MOSCOW — They snicker and whisper in the defendants' cage while their lawyers wrangle over evidence -- a ragtag pair of Chechen brothers and a crooked ex-cop, alleged lookouts and errand runners in a crime that has become an overarching symbol for unsolved violence against some of Russia's most outspoken critics.
A verdict is expected as early as today in the trial of the three men charged as accessories in the shooting death of hard-charging journalist Anna Politkovskaya. But there is a pervasive sense that the trial is tangential, that the evidence is patchy and that the Russian government has only skimmed the edges of the crime rather than dug at its roots.
Conspicuously missing from the cramped courtroom is anyone accused of pulling the trigger or ordering or paying for the slaying. Lawyers say evidence has linked the crime to the FSB, domestic successor of the KGB, but has failed to reveal how far up the ranks of intelligence services the plan to kill Politkovskaya reached.
This trial is supposed to be a start; investigators say they are preparing a case against the missing mastermind and killer. But many close to the case worry that if these defendants are convicted, the complicated search for the killers will fizzle.
"If the verdict is guilty, nobody will be looking for the real murderers," said Murad Musayev, lawyer for Dzhabrail Makhmudov, the younger Chechen brother. "They will mark the Anna Politkovskaya case closed. I'm sure that's what they're trying to do."
Like many of the contract killings and much of the rampant corruption of today's Russia, the trial has transpired in plain view, yet somehow out of sight. The small yellow courtroom with drafty windows, claustrophobic wooden benches and no clock is a quiet epicenter in a turbulent country.
Beyond the walls, many Russians display no more than passing curiosity about who killed Politkovskaya, or about other journalists and lawyers who have been the victims of mysterious, unsolved attacks.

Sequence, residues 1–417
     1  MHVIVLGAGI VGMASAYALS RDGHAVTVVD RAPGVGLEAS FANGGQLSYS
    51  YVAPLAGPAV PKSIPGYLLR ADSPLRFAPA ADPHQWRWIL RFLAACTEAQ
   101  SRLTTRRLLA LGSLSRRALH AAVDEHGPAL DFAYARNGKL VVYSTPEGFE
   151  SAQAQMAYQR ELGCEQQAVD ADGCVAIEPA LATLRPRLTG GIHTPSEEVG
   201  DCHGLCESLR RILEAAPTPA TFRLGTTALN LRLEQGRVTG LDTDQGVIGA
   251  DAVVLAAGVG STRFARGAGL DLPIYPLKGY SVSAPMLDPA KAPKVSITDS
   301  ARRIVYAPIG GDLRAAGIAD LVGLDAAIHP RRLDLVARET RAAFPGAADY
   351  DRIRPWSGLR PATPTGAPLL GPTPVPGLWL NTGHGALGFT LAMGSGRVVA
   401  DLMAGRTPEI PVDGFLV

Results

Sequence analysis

Politkovskaya was shot dead at close range as she arrived home from the grocery store on an October night in 2006. Her columns, which accused then-President Vladimir Putin of creating an atmosphere of lawlessness and dredged up the sadistic underbelly of the Chechen wars, had irritated the Kremlin for years.
Putin, who is now prime minister, famously complained that her death was even more damaging to Russia's reputation than her devastating investigative reports. Since then, the government has strived to blame the killing on forces working from abroad to undermine Russia's credibility.
The defendants walked into the courtroom this week, wrists linked by handcuffs. The former policeman jots figures in a puzzle book; he has already done prison time for abusing his power. They are joined in the cage by an FSB officer, who is being tried simultaneously in a related case. Makhmudov, in a checked sweater, black hair sliding down over his eyes, is hunched behind his older brother.
Their mother, a round, sad-faced woman with her head swathed in a black Muslim scarf, rises tremulously from the hard benches to greet her boys.
Providing a window on contemporary Russia, the men in the cage are alleged gangsters tangled up together amid suspicions of racketeering, kidnapping and killing. Their tongues are tied, critics of the trial complain, by a code of silence and the unspoken agreements of security services.
A third brother has gone missing since the investigation began. He has been named as the suspected gunman, despite surveillance camera footage seen during this trial showing a man who doesn't appear to match his height or description.
The men in the cage say they have been framed, set up as scapegoats. By whom? They won't say.
"We have long ago been betrayed and sold by the authorities," the former policeman, Sergei Khadzhikurbanov, yelled through the bars at one point as spectators and lawyers filtered from the courtroom. "I swear I have nothing to do with this, nothing!"
The jury arranged itself in two rows Monday, facing the cage. Backs to observers and journalists, Politkovskaya's grown son and daughter listened intently. They only want the truth, they told reporters.
When their lawyer, Karina Moskalenko, rose to make her final statement, her voice rang with indignation. She reminded the jury that Politkovskaya would never have forgiven them for finding an innocent man guilty.
Instead of rehashing the testimony, she spoke of Chechnya, saying that the two brutal wars in the southern breakaway republic had dehumanized Russians.
She discussed the officials who chafed at Politkovskaya's work, and complained that justice was elusive in Russian courts. She spoke disparagingly of the defendants, but argued that the Chechen brothers would have had no personal motive to attack a journalist who publicized the suffering of their people. Instead, Moskalenko blamed the "system."